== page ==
Being a good patient does not mean being a silent one

One time after a surgical procedure, the nurse handed me the standard set of patient discharge instructions. 

It’s a packet of educational sheets that provide information to manage my own care. 

Once the anesthesia finally wore off, I sat down and flipped through the folder. One passage in particular caught my attention:

Being a good patient does not mean being a silent one. If you have questions about the pain you may feel after surgery, let your caregiver know. Patients have the right to asses and manage their pain

As it turns out, this is standard patient bill of rights language. Healthcare organizations nationwide use the exact same phrase.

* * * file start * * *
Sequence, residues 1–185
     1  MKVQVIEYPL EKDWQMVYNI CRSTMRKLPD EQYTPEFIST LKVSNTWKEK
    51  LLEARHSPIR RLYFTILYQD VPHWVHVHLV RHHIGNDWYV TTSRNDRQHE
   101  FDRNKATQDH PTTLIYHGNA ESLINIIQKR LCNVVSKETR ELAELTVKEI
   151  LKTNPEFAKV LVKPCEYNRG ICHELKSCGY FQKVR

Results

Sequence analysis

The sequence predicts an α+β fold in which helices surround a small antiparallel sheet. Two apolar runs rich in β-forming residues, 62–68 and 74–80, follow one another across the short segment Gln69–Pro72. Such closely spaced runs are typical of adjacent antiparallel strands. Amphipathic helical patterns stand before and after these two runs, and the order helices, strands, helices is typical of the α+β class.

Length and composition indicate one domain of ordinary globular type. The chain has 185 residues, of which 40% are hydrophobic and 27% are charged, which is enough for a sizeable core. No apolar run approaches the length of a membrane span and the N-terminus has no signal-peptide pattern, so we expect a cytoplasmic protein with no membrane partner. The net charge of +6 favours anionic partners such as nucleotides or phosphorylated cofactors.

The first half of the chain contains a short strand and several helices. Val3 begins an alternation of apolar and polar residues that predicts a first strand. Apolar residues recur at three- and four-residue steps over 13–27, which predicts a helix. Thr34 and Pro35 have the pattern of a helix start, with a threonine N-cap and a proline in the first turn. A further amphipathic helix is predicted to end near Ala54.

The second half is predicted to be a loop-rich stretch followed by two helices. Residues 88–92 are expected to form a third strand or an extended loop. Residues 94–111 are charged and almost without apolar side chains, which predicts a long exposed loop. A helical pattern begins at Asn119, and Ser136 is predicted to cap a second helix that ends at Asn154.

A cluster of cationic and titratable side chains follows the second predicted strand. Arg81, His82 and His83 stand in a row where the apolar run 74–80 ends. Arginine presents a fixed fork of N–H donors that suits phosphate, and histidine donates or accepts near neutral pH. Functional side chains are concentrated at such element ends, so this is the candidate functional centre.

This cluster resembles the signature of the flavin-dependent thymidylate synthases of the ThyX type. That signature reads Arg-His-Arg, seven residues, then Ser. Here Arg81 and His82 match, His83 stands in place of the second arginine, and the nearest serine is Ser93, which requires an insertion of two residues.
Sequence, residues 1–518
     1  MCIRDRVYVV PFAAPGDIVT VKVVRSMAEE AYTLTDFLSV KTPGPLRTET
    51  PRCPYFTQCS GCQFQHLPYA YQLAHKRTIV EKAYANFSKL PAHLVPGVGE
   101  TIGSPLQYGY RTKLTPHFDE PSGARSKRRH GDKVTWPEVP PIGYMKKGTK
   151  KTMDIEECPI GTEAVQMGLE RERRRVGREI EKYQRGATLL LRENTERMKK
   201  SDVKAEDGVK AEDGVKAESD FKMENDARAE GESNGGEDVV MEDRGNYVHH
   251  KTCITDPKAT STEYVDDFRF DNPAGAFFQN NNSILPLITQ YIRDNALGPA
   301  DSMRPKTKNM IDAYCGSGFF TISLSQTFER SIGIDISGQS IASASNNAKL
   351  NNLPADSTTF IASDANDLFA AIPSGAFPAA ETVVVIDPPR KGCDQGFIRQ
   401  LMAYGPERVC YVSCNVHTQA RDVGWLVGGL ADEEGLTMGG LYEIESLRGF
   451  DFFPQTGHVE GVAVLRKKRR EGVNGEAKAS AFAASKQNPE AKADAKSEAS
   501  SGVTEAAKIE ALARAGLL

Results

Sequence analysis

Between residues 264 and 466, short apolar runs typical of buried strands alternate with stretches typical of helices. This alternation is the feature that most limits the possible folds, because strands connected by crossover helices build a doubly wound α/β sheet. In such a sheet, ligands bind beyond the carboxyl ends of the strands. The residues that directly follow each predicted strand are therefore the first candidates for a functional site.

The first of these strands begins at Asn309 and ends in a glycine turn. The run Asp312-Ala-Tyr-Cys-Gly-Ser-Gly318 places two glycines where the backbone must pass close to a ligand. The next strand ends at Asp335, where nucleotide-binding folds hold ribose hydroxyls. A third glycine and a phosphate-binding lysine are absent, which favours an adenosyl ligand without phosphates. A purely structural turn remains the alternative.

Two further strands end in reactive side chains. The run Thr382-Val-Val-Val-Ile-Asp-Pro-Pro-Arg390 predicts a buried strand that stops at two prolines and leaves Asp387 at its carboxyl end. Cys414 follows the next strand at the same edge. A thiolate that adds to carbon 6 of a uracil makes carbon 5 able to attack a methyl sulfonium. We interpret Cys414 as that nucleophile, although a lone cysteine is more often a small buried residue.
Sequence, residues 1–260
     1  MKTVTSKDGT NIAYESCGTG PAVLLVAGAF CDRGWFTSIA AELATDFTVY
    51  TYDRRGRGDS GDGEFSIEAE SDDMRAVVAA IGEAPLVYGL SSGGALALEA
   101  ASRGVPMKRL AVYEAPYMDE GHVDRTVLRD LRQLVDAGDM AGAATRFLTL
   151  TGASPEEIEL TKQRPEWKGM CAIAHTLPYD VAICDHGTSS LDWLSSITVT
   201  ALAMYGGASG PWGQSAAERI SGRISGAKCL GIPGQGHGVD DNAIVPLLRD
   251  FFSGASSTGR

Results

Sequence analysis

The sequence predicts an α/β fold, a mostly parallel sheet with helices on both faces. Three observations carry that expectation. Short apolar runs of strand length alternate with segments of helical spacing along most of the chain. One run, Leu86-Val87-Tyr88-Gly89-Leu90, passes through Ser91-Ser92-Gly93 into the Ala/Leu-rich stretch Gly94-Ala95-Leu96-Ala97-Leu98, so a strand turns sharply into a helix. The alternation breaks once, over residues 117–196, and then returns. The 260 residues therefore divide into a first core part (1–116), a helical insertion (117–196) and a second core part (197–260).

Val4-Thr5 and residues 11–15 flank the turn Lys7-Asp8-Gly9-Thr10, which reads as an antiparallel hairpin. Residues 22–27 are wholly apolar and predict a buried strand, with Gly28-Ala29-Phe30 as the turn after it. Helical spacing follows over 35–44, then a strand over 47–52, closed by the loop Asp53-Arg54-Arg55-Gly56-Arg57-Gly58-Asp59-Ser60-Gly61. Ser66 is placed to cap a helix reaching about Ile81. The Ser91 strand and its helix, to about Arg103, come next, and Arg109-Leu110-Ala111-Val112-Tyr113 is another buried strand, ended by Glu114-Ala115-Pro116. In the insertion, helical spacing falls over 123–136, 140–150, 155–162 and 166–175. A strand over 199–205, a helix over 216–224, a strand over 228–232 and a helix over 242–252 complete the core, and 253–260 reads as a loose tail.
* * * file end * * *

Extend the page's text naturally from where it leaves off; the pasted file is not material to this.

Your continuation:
And what’s interesting is, you could easily substitute the word patient for just about anything. 

Employee. Husband. Customer. Member. Student. Manager. 

Being a good one does not mean being a silent one. 

Because each of us has to advocate for ourselves. Nobody is going to stand up for us. 

Honestly, looking back, what I regret most about my life are my silences. Christ on cracker, there are so many thousands of moments where using my words would have been a better solution.

Breaking the silence marks a milestone on the healing path. We don’t have to keep quiet if we’re in pain. 

Dare to speak up and see what happens. 


Where is your silence not serving you?


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